Immigration Courts in Kansas City, Nationally Ignore Best Interests of Citizen Children

The stories below are based off real client experiences. However, all names and specific details have been altered as a matter of privacy and confidentiality.

Whether they call it “anchor babies” or “birth tourism,” anti-immigrant groups are yet again attacking the right to U.S. citizenship by birth, which has been protected by the U.S. Constitution for almost 150 years. Earlier this month, conservative U.S. Senator David Vitter proposed an amendment to limit birthright citizenship to children of U.S. citizen or LPR parents.

Sen. Vitter and his followers are ignoring the interests of children who have no choice in where they are born, where they live and in to which family they are born. These children born to undocumented parents are already ignored under the unforgiving U.S. immigration legal system.

In family cases involving children, like adoption and custody, state courts have universally adopted a “best interests of the child” standard in making decisions that affect the child. This is not the case in immigration cases.

One of the most common forms of relief for undocumented parents is cancellation of removal. Under this relief, parents who are facing deportation may obtain permanent lawful status if, among other requirements, they can prove their children will suffer exceptional and extremely unusual hardship if they are deported.

Through its decisions, the immigration courts have interpreted this requirement strictly and ignored the best interests of the child. Unless the child has a learning or physical disability, the parent likely will not win the case. This has dramatic negative effects for hundreds of U.S. citizen children with good parents like John and Kelly

John and Kelly are undocumented parents of two U.S. citizen children, 5 and 10. Both children are healthy and well-behaved. They are active and do well academically. Their parents are very involved in their lives and raise their children under their strong Christian values.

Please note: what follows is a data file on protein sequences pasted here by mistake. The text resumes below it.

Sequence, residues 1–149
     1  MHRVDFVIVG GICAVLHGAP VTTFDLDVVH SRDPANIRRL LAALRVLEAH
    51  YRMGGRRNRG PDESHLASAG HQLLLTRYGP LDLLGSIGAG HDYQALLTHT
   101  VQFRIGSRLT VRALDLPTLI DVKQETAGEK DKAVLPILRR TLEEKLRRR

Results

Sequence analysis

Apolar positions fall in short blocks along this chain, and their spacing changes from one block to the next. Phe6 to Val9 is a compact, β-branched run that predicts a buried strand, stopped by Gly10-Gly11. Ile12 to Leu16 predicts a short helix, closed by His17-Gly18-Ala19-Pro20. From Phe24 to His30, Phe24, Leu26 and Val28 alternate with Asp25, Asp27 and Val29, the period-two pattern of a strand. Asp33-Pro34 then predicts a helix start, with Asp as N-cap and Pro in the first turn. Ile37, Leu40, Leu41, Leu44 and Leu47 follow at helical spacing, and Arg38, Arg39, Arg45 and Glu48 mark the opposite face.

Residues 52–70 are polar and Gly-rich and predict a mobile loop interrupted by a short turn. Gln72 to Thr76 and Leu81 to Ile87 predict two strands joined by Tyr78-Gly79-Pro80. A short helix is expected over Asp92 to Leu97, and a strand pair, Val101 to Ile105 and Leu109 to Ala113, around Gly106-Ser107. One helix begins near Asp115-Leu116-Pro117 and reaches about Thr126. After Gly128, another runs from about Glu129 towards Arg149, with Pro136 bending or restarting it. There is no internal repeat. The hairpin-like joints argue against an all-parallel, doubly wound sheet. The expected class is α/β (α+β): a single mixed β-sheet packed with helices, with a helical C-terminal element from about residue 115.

John was recently arrested by immigration officials based on a twelve-year-old DUI and placed in removal proceedings. Under the current immigration system, John likely will not qualify for cancellation of removal. Under current immigration policy, their children are young and healthy and could more easily adjust to life in a new country if the family follows him to his home country, and if the children stay it is merely a parental choice. Unfortunately, these statements ignore the larger issues caused by the divide of a successful and tight-knit family.

In these cases, immigration courts do not look at the case from the perspective of the children to determine their best interests. Several scientific studies have shown that forcibly removing a parent like John from a cohesive family unit causes significant short-term and long-term emotional and physical hardship to the children. Unfortunately, immigration courts have not considered these studies or the children’s best interests. Until courts consider these interests, hundreds of children, who had no choice in where they were born or who their parents are, will face irreversible harm when their families are torn apart.


DISCLAIMER: Nothing in this blog should be construed as legal advice. If you are in removal proceedings or need legal advice on your immigration case, please contact an immigration attorney.

The Border Security Myth: A Kansas City Attorney’s Take

The stories below are based off real client experiences. However, all names and specific details have been altered as a matter of privacy and confidentiality.